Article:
Suleiman Farooqui, ‘Middle Class Muslims Using Islam As A Ladder Duping the Oppressed’, Dalit Voice, 16-31 March, 1992, pp.19-20.
 Iqbal Ahmed Sheriff, ‘When Will the Jama’at-e-Islami Learn?’, Dalit Voice, 16-31 August, 1991, p.4.
 Letter from Tariq ‘Ali, Dalit Voice, 16-31 March, 1992, p.13.
 Qurban ‘Ali Zameenzad, ‘Hindu-Muslim Unity: Is It Possible?’, Dalit Voice, 16-28 Febrauary, 1993, p.19.
 Qurban ‘Ali Zameenzad, ‘Beware of Three Internal Enemies Who Killed Muslim Militancy: Medieval Mullahs, Marxists and Secularists’, Dalit Voice, 16-31 July, 1993, p.17.
 For details on the movement, see Khalid Masud (ed.), Travellers in Faith: Studies of the Tablighi Jama’at as a Trans-National Movement for Faith Renewal, E.J.Brill, Leiden, 2000. See also my The Origins and Development of the Tablighi Jama’at (1920-2000): A Cross-Country Comparative Study, Orient Longman, New Delhi, 2002.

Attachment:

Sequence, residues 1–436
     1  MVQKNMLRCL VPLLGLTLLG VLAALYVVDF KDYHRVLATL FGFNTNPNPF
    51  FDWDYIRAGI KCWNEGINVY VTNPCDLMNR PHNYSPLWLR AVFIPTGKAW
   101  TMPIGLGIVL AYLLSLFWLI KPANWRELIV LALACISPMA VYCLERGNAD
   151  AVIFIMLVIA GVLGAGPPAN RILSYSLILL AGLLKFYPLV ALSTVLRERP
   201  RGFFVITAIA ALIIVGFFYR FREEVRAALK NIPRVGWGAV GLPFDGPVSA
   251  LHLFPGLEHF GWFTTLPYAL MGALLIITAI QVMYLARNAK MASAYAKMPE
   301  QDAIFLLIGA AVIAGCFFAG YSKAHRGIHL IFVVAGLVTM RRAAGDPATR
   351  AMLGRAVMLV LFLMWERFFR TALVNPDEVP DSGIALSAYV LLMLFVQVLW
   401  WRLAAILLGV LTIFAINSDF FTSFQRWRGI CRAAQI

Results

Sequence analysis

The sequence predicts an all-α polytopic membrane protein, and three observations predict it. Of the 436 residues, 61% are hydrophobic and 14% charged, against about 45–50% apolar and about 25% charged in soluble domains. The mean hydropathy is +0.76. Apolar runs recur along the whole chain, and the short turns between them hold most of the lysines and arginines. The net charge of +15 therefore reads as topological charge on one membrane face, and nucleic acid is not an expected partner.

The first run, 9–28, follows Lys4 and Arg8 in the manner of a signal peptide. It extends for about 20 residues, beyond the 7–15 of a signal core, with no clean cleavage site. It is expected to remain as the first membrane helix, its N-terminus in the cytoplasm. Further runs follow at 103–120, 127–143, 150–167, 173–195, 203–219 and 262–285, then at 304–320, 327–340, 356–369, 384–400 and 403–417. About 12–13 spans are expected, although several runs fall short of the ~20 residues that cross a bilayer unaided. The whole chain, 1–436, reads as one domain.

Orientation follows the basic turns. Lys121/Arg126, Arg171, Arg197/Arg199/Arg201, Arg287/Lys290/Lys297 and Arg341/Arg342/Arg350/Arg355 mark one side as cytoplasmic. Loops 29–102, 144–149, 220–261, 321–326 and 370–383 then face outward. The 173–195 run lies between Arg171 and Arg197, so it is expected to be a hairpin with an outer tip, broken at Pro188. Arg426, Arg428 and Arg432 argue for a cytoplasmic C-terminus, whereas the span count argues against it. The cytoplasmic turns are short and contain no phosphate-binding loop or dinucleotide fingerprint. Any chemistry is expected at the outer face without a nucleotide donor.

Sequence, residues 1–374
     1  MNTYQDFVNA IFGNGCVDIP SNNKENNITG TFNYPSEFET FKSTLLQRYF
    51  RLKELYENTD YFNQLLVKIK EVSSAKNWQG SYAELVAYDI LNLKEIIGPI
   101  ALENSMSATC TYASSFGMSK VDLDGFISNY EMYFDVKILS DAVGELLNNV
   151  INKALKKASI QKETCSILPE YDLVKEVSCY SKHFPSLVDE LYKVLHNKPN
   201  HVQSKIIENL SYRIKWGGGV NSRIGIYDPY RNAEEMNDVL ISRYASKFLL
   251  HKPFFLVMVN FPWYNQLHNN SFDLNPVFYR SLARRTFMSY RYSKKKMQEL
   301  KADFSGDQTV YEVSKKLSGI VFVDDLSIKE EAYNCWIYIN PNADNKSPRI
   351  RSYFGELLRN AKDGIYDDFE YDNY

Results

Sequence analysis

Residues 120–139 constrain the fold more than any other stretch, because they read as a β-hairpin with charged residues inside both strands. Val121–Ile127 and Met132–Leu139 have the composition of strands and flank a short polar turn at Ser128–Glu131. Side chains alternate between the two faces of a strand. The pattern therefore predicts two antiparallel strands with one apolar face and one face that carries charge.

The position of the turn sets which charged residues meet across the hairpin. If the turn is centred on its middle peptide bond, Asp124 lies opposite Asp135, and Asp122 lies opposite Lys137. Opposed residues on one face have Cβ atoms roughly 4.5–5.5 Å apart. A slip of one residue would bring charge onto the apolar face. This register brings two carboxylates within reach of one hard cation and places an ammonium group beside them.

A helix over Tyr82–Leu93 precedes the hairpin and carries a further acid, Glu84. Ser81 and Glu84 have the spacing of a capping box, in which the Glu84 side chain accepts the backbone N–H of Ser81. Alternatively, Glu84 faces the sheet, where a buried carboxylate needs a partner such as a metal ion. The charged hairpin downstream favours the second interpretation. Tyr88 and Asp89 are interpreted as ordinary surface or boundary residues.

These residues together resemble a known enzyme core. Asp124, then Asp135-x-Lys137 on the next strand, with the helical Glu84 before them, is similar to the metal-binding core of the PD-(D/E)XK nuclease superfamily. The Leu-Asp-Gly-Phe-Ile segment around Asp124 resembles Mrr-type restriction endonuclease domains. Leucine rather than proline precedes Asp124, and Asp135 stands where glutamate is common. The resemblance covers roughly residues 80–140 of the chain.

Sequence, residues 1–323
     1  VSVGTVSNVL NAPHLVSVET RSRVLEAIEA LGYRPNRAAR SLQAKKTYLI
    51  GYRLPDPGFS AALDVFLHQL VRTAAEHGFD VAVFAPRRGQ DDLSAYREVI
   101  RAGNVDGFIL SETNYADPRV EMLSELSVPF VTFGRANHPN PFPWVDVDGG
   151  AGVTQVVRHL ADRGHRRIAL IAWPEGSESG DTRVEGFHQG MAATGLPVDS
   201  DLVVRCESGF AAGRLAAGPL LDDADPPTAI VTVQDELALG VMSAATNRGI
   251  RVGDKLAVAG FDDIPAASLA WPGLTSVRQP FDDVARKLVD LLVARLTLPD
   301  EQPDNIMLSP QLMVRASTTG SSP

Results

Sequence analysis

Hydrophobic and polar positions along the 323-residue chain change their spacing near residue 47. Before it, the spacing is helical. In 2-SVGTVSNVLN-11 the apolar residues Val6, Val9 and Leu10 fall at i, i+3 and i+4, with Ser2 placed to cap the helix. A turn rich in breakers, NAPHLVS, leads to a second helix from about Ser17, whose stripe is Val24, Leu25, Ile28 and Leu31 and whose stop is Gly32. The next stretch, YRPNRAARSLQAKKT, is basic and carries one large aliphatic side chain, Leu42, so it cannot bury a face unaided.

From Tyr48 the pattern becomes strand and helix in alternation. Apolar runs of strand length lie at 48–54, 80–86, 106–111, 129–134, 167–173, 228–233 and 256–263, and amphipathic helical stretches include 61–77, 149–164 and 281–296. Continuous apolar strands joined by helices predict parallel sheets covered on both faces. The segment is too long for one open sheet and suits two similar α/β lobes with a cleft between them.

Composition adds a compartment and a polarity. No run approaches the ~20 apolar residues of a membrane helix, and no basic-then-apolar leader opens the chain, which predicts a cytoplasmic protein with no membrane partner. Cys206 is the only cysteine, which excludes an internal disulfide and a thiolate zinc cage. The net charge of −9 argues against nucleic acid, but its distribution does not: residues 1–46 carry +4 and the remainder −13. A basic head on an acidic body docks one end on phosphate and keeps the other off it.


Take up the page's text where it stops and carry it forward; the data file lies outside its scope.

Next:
Qurban ‘Ali Zameenzad, ‘Beware of Three Internal Enemies Who Killed Muslim Militancy: Medieval Mullahs, Marxists and Secularists’, Dalit Voice, 16-31 July, 1993, p.17.
Nafisul Hasan, ‘Koranic Directions Suppressed: Maulanas Misleading Muslims By Ignoring Duties in This World’, Dalit Voice, 1-15 April, 1996, p.11.
 Letter from P.A. Salam, Dalit Voice, 16-31 October, 1995, p.23.
 Letter from Mushtak Ahamed, Dalit Voice, 1-15 February, 2000, p.16.
 Letter from S.M.Ebrahim Madani, Dalit Voice, 16-30 June, 1989, p.10.
 S.M.Mir, ‘Tablighi Jama’at Ignoring Spirit of Islam’, Dalit Voice, 16-31 January, 1999, p.15.
 A book compiled by the leading Indian Tablighi ideologue, Maulana Muhammad Zakariya, containing traditions attributed to the Prophet as well as apocryphal and other stories related to the early Muslims.